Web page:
Ask most Christians what they think salvation means and you are likely to get some language about getting into heaven. If you probe deeper, you may hear there are certain things you must believe or say about Jesus because he is the one who issues the tickets into heaven. He is the bouncer who controls entrance into the velvet-roped VIP section reserved exclusively for those who call themselves Christian.
What you are hearing is some version of the idea that if you practice religion in a particular way, you will be saved. Yet no religion can save us. God alone saves. We Christians do not believe in Christianity. We believe in God. God alone has the truth. God is truth. No religion possesses the whole truth on God. In our best moments, we know that Jesus is larger than any single religion.
God loved the world enough to gift this world with God’s son. That’s the claim of John 3:16. We may be tempted to believe that God so loved Christians, that God gave all who name Jesus Christ as their personal Lord and Savior exclusive rights into a special club. But Jesus is universal Lord and Savior, not just my personal Lord and Savior. He saves the whole world, and this doesn’t happen through tribal membership.
We ought to think of the work of Jesus Christ as cosmic in scope. He is the light of the world, not merely the light of the Christian community. He refuses to be
co-opted by any culture or possessed by any religion. He disassembles every category that followers want to erect for believing he is exclusive to their claims. In short, Jesus shuns domestication, giving no right for one group to say to another: “My God is better than your God.”
So what do we make of Jesus’ oft-quoted word to his disciples? “I am the way, and the truth, and the life. No one comes to the Father except through me” (John 14:6). It’s helpful if we remind ourselves that Jesus is not hosting a theological summit here, delivering an essay on proper doctrine. He is using the language of love to speak intimately with his closest friends. They are anxious about his forthcoming departure.
In assuring his disciples, Jesus speaks promise, not threat. There is no evidence of him congratulating his disciples for some superior knowledge, as if they have privileged access to God. No, this is Jesus calming fears by saying, “Trust me. I bring you into relationship with God in an immediate way.” This isn’t weaponry language with which to judge others’ relationship with God as inadequate. Jesus simply announces that to know him is to know God.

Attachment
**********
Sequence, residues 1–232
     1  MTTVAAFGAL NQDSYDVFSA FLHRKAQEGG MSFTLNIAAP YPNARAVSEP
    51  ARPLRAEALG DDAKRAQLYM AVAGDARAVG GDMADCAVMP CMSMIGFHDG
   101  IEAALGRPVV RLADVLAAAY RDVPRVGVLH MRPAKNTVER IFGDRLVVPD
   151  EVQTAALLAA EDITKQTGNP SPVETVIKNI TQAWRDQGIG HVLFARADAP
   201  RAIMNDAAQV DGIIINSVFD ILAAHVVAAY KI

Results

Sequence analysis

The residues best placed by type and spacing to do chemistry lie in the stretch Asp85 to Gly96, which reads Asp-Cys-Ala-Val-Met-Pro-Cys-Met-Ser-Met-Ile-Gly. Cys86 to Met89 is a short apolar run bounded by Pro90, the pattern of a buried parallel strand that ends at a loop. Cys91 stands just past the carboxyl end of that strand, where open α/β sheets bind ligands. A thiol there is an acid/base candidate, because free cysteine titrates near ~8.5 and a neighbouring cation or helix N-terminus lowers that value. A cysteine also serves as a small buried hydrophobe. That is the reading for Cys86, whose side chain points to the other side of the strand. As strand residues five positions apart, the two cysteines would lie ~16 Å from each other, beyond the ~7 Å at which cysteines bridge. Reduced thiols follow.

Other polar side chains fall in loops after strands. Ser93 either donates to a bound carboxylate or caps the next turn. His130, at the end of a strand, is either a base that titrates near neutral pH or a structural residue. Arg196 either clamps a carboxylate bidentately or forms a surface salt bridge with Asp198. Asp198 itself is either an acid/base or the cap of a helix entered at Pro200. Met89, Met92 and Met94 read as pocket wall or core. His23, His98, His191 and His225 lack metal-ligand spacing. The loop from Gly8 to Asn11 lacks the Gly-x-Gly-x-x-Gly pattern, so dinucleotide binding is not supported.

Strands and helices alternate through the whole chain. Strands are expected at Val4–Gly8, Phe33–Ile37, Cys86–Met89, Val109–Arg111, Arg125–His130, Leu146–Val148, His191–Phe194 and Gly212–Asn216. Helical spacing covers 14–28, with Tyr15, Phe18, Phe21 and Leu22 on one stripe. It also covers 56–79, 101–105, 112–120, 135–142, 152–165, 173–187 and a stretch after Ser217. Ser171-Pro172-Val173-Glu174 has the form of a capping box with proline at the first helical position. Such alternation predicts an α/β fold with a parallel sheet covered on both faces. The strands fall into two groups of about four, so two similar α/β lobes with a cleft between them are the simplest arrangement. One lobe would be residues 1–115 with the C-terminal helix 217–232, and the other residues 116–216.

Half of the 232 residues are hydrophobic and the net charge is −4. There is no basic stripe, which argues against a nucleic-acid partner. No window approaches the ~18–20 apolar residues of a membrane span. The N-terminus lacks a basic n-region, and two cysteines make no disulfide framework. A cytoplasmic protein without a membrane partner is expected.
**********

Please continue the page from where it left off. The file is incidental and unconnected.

We are not given permission to shrink the cross to suit our own version of God. This may not be easy medicine for some in the Christian fold to swallow. Yet, the apostle Paul writes, “In Christ, God was reconciling the world to himself” (2 Corinthians 5:19). This is not the Christian world that God is putting back together through Christ. It is the whole world. “And I, when I am lifted up from the earth,” says Jesus of his pending death and resurrection, “will draw all people to myself” (John 12:32). Not some people. Not Christian people. All people.
I happen to have been born in Chicago into a Christian family. I didn’t ask to be born into this family that practiced the Christian faith; I just was. Someone else was born in Delhi, India, on the same day I was born, but into a Hindu family. That kid didn’t ask to be born into his Hindu-practicing family; he just was. Surely we cannot claim that God privileges certain ones of us with an eternal home because of our birthplace or cultural background. Nor would we want to argue that we receive a club access card because we uttered a theological formula about Jesus.
The joy of the Christian life is that we don’t have to figure out every saving move of God’s. Christ is bigger than our imagination: “How unsearchable are his judgments and how inscrutable his ways” (Romans 11:33). Our job is to trust our lives to Christ, and testify to the beauty that comes with loving him.
© 2014 Augsburg Fortress, Publishers